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Thursday, September 25, 1890

Thursday, September 25, 1890

7:10 P.M. W. sitting at parlor window. Said to me as I came in, "You arrive just at the right minute: I am just returned from my trip." Spoke further of "the beauty of these days" and of how they "took possession" of his "physical, physiological self."

Reported that Clifford had come in with Neidlinger. "They were here just before I went out." He said he had got Neidlinger mixed with Nibelungen, and could "hardly separate the words." Remarked of Neidlinger, "He appears to be quite a fellow," words which might mean anything but which in tone he now assumed meant something definitely applausive.

I received today the following letter from Buxton Forman:

46 Marlborough Hill St. John's Wood, London SW 16 Sept. 1890 Dear Mr. Traubel,

Many thanks for your letter of the 2nd of September and the copy of "Camden's Compliment" which I have received on returning to London after a short absence. It is a very interesting little volume, without which my "W. W." collection would be sadly defective. It is quite certain this is the first copy I have received. I am glad my letter was in time for the Postscript of the volume.

Thanks for your article on last Birthday. Is it possible there is no verbatim report of what passed—even of Ingersoll's speech? W. W.'s "acknowledgment" of 1889 is said to be reprinted from his slip: is that a printed slip separate from the book? If so, can I get a copy?

I envy your daily communion with Whitman. If you survive him a thousand years, friend Traubel, you will have a beautiful memory to last you all your life.

Yours very sincerely H. Buxton Forman

Read it to W. He said, "No, I have no slips: I don't suppose one of them could be found anywhere here." Touched by the closing passage of the note. Added too, "I too have mourned and mourn for the loss of that speech. It was the outburst, the magnificence, of a master."

Johnston telegraphs me to this effect: "You are right Phila. the place go right ahead." W. expressed himself as "fully satisfied."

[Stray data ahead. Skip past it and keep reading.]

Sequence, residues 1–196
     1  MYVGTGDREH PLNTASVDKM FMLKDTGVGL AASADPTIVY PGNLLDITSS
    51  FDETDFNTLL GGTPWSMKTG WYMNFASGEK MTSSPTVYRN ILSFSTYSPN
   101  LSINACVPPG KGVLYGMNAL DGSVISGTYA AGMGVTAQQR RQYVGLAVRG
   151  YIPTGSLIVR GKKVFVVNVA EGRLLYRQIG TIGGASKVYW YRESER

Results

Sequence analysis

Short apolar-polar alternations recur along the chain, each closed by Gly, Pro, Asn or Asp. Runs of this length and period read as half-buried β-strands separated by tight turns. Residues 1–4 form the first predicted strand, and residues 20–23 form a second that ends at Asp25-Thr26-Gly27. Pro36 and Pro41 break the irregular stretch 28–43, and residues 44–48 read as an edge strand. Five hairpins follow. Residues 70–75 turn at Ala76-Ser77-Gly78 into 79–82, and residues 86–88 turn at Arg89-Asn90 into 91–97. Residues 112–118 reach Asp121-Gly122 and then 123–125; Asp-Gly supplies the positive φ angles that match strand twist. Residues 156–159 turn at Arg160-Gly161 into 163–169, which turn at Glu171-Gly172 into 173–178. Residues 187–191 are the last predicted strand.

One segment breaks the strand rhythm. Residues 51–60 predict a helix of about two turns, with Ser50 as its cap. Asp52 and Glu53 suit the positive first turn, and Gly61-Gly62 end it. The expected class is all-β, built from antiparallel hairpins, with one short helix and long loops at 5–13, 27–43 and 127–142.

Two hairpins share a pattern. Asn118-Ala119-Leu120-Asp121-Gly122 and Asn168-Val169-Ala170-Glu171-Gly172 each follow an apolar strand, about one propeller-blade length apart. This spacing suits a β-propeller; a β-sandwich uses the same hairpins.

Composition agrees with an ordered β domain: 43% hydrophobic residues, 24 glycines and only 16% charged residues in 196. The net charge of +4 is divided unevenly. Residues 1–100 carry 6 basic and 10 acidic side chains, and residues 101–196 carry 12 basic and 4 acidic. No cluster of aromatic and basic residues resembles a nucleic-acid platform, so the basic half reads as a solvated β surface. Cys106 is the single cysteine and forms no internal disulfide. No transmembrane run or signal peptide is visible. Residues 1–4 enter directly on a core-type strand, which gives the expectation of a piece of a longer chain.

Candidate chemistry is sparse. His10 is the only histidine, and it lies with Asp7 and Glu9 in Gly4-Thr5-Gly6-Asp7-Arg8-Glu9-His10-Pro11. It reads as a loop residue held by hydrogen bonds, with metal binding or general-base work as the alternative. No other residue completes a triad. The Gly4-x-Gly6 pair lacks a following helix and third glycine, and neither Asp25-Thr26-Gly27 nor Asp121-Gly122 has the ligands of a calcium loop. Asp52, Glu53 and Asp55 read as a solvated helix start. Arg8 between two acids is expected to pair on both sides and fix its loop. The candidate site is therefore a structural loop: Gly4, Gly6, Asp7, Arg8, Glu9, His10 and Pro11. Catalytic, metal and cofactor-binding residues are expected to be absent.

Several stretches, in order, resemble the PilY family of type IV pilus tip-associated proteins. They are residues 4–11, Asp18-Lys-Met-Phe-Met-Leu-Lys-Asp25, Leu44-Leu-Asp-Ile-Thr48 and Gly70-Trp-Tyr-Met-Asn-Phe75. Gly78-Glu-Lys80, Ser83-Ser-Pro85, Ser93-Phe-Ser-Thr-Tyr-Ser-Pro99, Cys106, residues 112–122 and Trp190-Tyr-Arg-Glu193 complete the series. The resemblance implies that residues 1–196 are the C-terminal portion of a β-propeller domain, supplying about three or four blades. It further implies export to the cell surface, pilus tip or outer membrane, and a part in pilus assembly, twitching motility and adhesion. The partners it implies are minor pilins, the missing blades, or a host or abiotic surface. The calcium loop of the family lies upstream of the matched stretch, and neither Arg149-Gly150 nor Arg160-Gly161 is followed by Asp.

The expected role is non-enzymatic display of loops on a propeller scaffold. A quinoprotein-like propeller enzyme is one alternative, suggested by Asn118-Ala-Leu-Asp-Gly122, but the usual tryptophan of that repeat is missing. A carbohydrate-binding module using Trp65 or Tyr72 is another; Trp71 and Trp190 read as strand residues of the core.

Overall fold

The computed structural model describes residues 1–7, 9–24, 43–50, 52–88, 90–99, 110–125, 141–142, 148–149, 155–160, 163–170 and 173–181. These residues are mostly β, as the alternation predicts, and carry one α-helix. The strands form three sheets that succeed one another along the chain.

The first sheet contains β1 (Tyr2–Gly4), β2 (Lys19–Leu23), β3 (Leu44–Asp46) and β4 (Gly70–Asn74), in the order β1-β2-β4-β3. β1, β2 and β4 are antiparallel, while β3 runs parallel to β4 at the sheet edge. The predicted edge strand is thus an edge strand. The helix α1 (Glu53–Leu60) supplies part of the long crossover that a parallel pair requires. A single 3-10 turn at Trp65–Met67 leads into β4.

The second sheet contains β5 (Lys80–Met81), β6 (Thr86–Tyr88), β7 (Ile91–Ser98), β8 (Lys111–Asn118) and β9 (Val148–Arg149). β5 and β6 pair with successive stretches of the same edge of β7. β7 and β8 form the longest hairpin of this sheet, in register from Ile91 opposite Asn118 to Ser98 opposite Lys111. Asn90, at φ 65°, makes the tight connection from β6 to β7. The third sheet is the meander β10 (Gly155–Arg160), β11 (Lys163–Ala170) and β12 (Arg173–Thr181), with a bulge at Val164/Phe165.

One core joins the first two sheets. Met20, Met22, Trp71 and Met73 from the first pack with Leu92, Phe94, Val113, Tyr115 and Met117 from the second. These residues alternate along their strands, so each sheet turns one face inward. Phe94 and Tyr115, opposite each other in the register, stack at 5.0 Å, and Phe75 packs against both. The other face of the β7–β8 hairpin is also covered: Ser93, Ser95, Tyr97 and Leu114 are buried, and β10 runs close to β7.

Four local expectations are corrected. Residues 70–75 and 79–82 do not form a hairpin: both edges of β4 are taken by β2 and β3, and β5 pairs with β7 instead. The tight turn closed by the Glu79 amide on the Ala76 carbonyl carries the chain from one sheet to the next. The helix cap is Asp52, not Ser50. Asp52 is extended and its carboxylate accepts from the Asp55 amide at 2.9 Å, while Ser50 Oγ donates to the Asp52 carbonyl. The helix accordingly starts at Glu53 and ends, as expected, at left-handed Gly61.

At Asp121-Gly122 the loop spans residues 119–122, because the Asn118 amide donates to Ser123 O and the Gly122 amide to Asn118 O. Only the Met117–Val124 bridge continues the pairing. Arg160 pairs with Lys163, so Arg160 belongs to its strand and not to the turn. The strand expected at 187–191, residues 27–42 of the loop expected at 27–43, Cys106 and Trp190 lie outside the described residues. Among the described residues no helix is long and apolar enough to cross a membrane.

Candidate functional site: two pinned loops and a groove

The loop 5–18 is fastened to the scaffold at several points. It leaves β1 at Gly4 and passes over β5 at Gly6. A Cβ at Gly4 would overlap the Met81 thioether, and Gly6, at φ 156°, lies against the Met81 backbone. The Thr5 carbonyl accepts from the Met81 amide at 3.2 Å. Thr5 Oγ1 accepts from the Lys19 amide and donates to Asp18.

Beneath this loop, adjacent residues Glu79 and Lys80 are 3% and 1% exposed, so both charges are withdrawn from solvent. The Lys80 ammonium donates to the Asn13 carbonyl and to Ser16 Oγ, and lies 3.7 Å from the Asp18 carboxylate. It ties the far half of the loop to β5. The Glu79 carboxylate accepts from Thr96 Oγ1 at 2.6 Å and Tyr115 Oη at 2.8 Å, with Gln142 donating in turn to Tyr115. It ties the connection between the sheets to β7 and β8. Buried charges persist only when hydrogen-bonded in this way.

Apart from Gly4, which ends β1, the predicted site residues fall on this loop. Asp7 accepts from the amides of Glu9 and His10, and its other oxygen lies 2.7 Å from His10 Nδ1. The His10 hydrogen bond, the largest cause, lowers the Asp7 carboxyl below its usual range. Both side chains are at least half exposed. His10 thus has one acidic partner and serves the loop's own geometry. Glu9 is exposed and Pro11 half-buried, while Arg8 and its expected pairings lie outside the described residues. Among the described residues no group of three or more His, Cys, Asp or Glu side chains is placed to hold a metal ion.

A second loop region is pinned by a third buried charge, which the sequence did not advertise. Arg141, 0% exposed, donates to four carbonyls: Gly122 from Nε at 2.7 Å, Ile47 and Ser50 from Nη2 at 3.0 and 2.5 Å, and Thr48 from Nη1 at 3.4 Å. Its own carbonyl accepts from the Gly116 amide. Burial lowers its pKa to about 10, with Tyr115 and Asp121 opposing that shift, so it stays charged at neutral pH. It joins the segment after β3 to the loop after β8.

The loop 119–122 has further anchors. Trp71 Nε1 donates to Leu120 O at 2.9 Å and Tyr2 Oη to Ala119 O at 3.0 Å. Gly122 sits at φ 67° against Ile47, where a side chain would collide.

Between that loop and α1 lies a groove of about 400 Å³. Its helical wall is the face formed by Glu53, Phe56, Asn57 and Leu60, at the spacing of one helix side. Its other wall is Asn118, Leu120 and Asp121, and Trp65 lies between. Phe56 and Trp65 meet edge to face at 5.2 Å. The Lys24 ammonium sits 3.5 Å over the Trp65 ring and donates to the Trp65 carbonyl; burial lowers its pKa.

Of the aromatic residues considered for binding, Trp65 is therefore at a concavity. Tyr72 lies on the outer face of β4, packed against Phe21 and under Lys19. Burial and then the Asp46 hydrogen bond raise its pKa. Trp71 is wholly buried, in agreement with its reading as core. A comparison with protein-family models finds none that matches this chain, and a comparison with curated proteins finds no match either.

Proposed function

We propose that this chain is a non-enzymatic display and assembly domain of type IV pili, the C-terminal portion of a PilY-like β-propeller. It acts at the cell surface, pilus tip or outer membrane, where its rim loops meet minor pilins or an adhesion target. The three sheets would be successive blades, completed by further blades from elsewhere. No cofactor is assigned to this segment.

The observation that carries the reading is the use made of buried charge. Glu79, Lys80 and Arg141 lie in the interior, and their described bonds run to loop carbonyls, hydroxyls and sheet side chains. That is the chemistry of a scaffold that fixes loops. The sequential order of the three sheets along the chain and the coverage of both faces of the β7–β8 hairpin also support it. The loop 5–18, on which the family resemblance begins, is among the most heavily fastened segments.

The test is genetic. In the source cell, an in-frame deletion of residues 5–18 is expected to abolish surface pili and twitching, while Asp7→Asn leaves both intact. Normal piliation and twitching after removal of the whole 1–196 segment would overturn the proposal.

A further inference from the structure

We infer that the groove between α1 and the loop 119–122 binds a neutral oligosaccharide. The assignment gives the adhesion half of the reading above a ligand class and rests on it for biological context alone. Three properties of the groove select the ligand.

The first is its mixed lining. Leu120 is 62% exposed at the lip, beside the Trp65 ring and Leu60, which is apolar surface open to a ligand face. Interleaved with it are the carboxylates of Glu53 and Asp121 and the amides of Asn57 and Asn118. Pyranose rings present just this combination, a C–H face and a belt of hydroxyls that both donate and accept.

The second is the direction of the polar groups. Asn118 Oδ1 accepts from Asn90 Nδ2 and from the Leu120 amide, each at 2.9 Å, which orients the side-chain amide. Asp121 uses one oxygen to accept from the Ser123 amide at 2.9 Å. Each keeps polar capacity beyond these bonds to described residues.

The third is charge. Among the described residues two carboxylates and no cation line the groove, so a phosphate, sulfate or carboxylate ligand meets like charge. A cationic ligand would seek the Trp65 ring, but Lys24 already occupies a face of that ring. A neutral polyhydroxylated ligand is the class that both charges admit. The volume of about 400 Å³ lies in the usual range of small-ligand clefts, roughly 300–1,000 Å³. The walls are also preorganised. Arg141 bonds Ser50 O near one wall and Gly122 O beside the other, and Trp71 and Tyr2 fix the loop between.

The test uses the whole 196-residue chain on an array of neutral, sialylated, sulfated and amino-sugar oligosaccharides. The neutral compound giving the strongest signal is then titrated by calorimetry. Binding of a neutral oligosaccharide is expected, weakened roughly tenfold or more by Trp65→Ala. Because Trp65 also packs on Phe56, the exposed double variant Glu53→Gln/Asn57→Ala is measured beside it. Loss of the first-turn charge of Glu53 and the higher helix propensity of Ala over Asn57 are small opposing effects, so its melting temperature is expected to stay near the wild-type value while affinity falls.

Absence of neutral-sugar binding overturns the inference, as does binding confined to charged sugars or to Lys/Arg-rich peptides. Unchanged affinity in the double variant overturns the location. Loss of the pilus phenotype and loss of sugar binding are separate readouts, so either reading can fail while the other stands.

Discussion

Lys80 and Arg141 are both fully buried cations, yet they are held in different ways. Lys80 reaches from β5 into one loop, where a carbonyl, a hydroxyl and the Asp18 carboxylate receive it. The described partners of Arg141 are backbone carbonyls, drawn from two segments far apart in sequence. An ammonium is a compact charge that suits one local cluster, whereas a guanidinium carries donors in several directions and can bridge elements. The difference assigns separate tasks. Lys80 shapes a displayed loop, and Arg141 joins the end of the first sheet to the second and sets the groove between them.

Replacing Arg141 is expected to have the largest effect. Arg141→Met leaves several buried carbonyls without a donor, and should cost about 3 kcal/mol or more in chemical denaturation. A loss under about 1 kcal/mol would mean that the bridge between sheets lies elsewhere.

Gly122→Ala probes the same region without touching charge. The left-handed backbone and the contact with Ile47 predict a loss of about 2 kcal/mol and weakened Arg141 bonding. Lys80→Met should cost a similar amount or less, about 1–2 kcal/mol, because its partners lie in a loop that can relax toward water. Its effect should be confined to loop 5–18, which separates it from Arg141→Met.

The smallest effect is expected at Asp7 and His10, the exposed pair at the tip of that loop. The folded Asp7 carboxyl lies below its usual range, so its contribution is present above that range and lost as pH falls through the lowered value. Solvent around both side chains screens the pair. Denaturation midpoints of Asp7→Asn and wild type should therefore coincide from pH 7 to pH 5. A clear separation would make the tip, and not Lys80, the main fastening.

Had my notes in his breast pocket, marked "Horace," descriptive of room, etc. "Of course," he remarked, "you must continue to assert your prerogative: to use what comes within your boundaries, to reject what may not seem pertinent."

Reference to chirography. He felt of his own: "It is clear, it is direct, whatever it may lack." Adding then, "It seems to me Wallace's man there in England, and Ingersoll's man here, are the models for us all: direct, legible, with none of the crawling eccentricities of genius or stupidity."

He said Neidlinger's coming had reminded him "that our fellows are mostly of the radical sort: musicians, free-thinkers, actors, writers of an individual turn." I said, "Don't forget doctors," and he: "That's so—doctors perhaps the chief of all—I have found a great response in doctors."

Did he suppose he had more friends in Philadelphia than New York? "No, I would doubt it." Or many in New York itself? "No, nor that either. Many nowhere, so far as I can see." Then further, "We do not please ourselves on the number of our fellows but on their quality."

Spoke again of Thayer's decision: "It is all that is necessary. It drives direct to the point at issue. It gives us great hope of ourselves!" And definitely again, "It is not to be doubted the book is the book of a master: an 'Othello,' picked out of our modern life, to make a great issue clear."

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